Tucson - 6,551 .... 5 days
    Honolulu - 1,565 (960 + 615) .... 25 days
    Tulsa - 4,773 .... 4 days
    Fresno - 2,334 .... 15 days
    Bridgeport-Stamford N/A
    Worcester - 338 .... 6 months
    Albuquerque - 4,953 ... 5 days
    Omaha - 6,579 ... 2 days 

    Of those, I'd argue the most comparable in terms of land use and community cohesion are the ones I bolded. That is, while the Worcester metro is of a comparable size, the city itself is more like Clovis in terms of size; people in the metro area probably do not feel like Worcesterites. Bridgeport/Stamford is impossible to compare, since it's half the state, and Honolulu is a case where most people probably post under the Hawaii tab since most Hawaiians live on Oahu.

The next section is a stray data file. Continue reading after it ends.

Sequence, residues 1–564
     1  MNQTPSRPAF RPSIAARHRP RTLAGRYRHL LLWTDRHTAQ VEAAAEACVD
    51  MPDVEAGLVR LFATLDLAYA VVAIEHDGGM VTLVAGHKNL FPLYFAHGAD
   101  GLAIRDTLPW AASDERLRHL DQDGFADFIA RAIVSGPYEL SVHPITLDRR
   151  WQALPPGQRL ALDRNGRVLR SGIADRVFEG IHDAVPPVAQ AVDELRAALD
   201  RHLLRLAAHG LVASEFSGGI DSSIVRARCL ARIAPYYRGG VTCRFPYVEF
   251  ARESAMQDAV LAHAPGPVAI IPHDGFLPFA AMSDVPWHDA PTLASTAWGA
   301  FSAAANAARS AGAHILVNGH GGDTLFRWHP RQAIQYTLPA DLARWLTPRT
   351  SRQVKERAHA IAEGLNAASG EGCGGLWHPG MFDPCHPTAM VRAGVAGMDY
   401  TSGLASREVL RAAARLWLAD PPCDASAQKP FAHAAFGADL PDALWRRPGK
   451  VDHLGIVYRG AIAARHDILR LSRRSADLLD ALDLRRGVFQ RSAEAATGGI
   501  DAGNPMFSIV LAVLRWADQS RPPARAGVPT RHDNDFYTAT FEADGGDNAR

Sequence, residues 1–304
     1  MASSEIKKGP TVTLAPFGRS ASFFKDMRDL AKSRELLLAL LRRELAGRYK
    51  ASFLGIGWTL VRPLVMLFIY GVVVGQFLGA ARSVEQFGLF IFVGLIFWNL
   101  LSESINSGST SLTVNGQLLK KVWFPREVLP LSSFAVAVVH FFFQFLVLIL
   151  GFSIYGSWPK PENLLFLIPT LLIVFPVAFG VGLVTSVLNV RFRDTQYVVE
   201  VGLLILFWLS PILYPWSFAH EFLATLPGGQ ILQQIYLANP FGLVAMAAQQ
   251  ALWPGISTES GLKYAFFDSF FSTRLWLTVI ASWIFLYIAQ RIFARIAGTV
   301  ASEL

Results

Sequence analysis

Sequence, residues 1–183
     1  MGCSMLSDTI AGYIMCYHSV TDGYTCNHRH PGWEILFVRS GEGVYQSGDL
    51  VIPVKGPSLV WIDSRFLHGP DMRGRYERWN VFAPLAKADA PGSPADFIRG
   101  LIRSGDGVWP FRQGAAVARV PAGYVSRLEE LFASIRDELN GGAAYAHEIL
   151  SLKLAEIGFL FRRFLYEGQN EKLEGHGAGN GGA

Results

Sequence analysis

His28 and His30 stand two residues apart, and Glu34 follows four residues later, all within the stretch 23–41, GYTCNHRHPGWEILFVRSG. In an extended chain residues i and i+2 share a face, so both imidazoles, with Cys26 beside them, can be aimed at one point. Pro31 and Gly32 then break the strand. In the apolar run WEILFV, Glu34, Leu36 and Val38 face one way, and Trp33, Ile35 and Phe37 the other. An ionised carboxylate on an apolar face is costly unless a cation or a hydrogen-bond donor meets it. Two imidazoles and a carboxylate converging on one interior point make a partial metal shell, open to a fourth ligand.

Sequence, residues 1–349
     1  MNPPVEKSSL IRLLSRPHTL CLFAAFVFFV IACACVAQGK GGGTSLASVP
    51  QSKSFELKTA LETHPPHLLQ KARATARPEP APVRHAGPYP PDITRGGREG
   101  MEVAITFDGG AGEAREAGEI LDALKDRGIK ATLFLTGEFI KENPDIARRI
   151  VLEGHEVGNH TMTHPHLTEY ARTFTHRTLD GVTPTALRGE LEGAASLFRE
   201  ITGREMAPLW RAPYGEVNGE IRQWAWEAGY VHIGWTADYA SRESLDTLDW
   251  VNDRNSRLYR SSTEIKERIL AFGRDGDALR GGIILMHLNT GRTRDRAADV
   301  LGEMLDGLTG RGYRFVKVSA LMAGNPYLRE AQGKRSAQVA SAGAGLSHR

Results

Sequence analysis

Under that metric, Fresno has an underrepresented online presence. Not as bad as Bakersfield though (1,740 on Reddit), but the underlying causes are probably identical. I wonder if the statistics hold true for online activities that aren't text heavy, such as Instagram?

    I wonder if there's a solution to this lack of online engagement in Fresno?

    Or maybe I'm asking a question that is no longer relevant. Maybe it's true that blogs everywhere are being replaced with Twitter thoughts and Instagram pictures. If that's the case, then I think it's a shame, although I'm sure long-form journalists felt the same way when blogs threatened to eat their lunch.

    That being said, I'm going to keep on blogging, and I'm excited to see Veronica jump back on board because it's gotten quite lonely around here.


    (Look for various posts on downtown Fresno construction updates in the upcoming days/week). 

    Thursday, January 14, 2016

    An Attempted Look at High Speed Rail Construction in North Fresno